Eager to jump-start the stalled Keystone XL oil pipeline and other energy projects, President Donald Trump has acted to assert executive power over pipelines and such infrastructure.
He issued a new permit for Keystone XL and insisted this exercise of presidential authority was not subject to judicial review. Then he signed an executive order clarifying that the president alone has the power to grant permits for cross-border projects such as pipelines. A separate order makes it harder for states to block pipelines and other energy projects on the basis of environmental concerns.
Taken together, the actions amount to a broad assertion of power that reverses more than 50 years of precedent that delegated decision-making on energy projects to individual agencies.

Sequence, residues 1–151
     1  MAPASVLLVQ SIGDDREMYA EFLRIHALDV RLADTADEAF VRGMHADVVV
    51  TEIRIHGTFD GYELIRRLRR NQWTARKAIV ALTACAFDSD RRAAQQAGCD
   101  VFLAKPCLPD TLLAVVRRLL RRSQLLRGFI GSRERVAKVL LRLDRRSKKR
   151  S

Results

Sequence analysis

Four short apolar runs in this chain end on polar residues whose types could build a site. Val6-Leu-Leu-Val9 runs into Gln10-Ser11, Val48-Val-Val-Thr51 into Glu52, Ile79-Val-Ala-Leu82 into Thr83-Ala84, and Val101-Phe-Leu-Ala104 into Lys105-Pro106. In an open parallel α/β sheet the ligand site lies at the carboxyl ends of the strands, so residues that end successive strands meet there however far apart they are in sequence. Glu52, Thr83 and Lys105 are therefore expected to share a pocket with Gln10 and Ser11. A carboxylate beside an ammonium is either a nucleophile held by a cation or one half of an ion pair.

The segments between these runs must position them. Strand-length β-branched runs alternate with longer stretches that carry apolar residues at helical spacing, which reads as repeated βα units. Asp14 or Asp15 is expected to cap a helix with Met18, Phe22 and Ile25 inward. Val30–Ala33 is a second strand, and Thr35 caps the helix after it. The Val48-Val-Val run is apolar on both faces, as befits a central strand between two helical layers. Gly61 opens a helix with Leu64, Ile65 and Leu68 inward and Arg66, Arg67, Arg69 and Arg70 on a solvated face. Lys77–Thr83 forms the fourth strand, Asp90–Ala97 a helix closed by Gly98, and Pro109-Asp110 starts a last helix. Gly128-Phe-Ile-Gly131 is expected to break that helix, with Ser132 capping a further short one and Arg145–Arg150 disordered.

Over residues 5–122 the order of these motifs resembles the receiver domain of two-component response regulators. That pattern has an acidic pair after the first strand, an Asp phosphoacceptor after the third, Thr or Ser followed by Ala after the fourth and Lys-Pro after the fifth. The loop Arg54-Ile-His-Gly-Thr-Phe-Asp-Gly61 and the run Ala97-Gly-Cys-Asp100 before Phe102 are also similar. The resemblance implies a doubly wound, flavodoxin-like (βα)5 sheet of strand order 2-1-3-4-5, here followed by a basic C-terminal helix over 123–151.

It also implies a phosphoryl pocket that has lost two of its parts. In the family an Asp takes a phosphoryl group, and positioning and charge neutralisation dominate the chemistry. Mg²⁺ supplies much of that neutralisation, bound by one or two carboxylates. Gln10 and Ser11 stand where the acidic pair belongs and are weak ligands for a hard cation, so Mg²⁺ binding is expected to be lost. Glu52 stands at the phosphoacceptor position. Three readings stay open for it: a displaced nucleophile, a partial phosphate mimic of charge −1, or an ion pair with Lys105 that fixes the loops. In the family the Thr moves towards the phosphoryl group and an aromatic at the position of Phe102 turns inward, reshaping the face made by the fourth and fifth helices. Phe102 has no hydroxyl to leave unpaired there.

Trump has shown a willingness to override his own agencies to accomplish his aims. His actions, if upheld by the courts, could consolidate power over energy projects at the White House, increasing the influence of the president’s political advisers and potentially cutting out experts and career officials throughout the government.
“Too often badly needed energy infrastructure is being held back by special interest groups, entrenched bureaucracies and radical activists,” Trump said Wednesday before signing the executive orders at an event in Texas.